John Barleycorn Must Die: The War Against Drink in Arkansas
by Ben F. Johnson III
edited by William R. Wilson
University of Arkansas Press, 2005
Cloth: 978-1-55728-787-8 | eISBN: 978-1-61075-215-2
Library of Congress Classification HV5297.A8J64 2005
Dewey Decimal Classification 363.4109767

ABOUT THIS BOOK | AUTHOR BIOGRAPHY
ABOUT THIS BOOK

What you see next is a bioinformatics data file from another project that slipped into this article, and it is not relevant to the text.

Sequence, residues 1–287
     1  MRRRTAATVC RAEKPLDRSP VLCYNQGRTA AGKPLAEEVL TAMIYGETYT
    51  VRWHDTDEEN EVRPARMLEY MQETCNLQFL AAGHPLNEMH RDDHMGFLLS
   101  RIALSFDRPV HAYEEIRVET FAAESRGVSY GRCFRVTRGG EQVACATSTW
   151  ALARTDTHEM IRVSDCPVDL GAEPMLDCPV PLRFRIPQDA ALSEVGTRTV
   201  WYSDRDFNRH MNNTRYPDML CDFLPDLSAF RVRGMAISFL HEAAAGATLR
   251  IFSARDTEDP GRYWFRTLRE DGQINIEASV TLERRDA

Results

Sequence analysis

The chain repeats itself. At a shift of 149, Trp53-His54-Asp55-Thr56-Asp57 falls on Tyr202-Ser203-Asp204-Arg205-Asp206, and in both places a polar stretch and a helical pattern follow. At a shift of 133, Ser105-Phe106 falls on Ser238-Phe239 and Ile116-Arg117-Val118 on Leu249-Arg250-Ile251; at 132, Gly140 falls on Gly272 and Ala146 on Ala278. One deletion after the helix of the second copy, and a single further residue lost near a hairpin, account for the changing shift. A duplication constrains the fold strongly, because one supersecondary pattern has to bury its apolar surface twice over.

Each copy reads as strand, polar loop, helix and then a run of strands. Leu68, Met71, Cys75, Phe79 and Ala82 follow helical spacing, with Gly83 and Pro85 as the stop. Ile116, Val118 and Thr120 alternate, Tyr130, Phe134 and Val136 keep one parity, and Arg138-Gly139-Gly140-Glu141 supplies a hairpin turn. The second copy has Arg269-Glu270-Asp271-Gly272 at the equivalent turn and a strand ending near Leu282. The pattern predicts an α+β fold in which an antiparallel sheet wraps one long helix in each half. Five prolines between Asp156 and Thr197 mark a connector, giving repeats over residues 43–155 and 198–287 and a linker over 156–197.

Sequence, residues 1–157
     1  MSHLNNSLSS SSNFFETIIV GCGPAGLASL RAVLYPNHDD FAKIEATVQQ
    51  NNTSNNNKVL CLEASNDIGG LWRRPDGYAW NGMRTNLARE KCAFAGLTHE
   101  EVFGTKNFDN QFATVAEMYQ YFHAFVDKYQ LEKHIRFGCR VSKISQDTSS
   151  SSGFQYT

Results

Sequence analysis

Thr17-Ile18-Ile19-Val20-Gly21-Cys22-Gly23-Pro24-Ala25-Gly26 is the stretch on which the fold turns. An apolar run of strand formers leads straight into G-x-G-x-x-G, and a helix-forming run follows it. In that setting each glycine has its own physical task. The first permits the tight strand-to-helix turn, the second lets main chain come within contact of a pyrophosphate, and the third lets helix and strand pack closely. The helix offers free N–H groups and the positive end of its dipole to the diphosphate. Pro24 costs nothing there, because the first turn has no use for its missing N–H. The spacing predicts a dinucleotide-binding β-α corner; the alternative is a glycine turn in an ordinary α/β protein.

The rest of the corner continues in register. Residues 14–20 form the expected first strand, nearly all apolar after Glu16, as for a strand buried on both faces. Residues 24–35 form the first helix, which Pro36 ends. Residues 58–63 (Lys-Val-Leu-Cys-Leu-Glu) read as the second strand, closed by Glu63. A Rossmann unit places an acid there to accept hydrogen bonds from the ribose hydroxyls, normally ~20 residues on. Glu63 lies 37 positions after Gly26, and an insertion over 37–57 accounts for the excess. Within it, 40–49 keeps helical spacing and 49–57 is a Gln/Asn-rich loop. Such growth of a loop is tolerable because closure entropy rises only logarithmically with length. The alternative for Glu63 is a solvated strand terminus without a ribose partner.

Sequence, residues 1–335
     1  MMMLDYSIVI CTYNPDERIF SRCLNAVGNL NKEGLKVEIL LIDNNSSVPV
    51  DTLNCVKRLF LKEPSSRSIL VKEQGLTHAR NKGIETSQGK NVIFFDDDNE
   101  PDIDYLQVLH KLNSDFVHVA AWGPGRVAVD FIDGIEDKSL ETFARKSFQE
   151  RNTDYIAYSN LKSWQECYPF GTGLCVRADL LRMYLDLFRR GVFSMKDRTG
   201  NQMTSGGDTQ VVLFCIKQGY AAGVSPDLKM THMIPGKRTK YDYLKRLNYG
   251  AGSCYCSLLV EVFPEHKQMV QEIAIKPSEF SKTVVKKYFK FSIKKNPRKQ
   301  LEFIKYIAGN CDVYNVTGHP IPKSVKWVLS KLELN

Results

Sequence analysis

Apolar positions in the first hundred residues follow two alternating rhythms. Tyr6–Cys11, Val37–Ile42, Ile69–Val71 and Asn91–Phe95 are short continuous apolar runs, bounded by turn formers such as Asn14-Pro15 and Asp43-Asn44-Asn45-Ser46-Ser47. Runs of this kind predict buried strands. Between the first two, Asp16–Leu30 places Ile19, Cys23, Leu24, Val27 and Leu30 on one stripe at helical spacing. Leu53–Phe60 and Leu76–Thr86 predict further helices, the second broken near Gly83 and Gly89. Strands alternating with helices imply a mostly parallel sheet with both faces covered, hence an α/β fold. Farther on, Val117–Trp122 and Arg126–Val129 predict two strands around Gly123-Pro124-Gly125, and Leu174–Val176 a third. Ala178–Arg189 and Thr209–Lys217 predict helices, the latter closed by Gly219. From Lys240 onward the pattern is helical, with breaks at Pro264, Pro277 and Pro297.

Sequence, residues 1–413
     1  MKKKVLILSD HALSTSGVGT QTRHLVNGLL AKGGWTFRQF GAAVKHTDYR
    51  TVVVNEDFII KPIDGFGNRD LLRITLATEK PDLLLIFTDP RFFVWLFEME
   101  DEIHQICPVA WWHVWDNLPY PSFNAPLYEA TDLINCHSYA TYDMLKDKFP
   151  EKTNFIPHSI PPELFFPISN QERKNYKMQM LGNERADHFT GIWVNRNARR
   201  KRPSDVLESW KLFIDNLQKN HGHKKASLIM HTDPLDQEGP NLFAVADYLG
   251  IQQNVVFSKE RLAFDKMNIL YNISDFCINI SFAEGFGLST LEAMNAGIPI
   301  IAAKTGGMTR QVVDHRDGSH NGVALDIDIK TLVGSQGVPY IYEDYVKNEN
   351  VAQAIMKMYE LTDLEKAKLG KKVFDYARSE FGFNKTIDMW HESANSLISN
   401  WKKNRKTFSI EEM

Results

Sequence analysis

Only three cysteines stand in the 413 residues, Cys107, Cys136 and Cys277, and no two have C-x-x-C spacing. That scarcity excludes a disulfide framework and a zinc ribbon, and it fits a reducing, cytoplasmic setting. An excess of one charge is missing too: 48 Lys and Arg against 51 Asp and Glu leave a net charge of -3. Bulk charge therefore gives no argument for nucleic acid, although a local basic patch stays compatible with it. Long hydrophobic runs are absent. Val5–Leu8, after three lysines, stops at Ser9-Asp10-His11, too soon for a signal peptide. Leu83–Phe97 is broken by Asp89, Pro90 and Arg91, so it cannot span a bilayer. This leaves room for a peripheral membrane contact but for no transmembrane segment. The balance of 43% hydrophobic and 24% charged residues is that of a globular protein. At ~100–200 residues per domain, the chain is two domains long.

As the traditional British folk song that the rock group Traffic made famous in the 1970s and that lends its name to this book’s title demonstrates, the battle against John Barleycorn was a losing one: “And little Sir John and the nut-brown bowl / Proved the strongest man at last.” Ben Johnson’s sweeping, highly readable, and extensively illustrated “spirited” overview of Arkansas’s efforts to regulate and halt the consumption of alcohol reveals much about the texture of life and politics in the state—and country—as Arkansas grappled with strong opinions on both sides. After early attempts to keep drink from the American Indians during the colonial period, temperance groups’ efforts switched to antebellum towns and middle-class citizens. After the Civil War new federal taxes on whiskey production led to violence between revenue agents and moonshiners, and the state joined the growing national movement against saloons that culminated in 1915 when the legislature approved a measure to halt the sale, manufacture, and distribution of alcohol—including that of Arkansas’s substantial wine industry. The state supported national prohibition, but people became disillusioned with the widespread violations of the law. However, the state didn’t repeal its own prohibition law until a fiscal crisis in 1935 required it in order to raise revenue. The new law only authorized retail liquor stores, not the return of taverns or bars. A final effort to restore laws against John Barleycorn in 1950 was rebuffed by voters. Still, there are a number of counties in Arkansas that remain dry and disputes over the granting of private club licenses continue to make news.

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